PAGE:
What is the original purpose of a space or building? It can be interesting to take a step back, and prior to getting into the financial and aesthetic details, to focus more on the core reasons as to why a project is being undertaken.

A simple definition of a building could be that they exist to serve societal needs – primarily as shelter from weather, security, living space, privacy, to store belongings, and to comfortably live and work. After all, a building is just empty space until it’s filled with people – then it becomes a space with purpose and a function.

Let’s take an example of an office space – In a typical example the main purpose of a company is to make profit. The office in turn is a means to ensuring employees work as productively as possible to enable this. This may sound dystopian but if you break that down further this has a more direct human impact. A productive space should help make employees comfortable, able to concentrate, efficient, relaxed (but not too relaxed!) and communicative with other colleagues. In order to make this possible there are many factors that need to be considered which are sometimes overlooked, such as fresh air with low CO2 levels to enhance concentration, a constant comfortable temperature, adequate natural light to help with circadian rhythms, efficient storage space to maximise productivity and different scales and types of space to delineate between more social, and more insular activities.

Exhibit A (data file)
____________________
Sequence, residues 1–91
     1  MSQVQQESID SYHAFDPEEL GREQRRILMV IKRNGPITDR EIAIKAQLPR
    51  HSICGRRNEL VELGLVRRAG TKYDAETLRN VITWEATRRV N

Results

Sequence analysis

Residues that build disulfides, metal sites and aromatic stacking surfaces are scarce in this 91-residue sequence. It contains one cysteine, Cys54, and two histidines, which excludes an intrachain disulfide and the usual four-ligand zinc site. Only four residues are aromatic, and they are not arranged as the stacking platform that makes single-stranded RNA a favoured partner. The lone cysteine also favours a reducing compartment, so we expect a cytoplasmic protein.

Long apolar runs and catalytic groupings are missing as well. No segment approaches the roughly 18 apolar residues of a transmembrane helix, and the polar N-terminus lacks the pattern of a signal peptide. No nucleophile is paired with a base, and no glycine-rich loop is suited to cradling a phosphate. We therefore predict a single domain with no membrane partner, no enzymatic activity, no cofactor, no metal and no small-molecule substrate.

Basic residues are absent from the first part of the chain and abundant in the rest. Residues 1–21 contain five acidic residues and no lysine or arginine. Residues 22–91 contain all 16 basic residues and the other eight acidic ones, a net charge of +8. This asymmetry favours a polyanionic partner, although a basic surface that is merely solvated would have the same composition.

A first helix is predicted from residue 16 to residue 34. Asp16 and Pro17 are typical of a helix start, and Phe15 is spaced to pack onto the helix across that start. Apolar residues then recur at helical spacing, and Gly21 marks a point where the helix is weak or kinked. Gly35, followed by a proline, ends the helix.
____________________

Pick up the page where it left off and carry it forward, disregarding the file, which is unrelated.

Some elements are touched on in the Building Regulations, such as daylighting or minimum U-values, but many of these more human scale parameters are not so easily quantifiable.  The WELL Building Standard is one very useful tool to help establish and integrate well-being-based parameters. It uses research-backed strategies and explores how design, operations and behaviours within the places where we live, work, learn and play can be optimized to advance human health and well-being. The core concepts are Air, Water, Nourishment, Light, Movement, Thermal Comfort, Sound, Materials, Mind, Community and Innovation.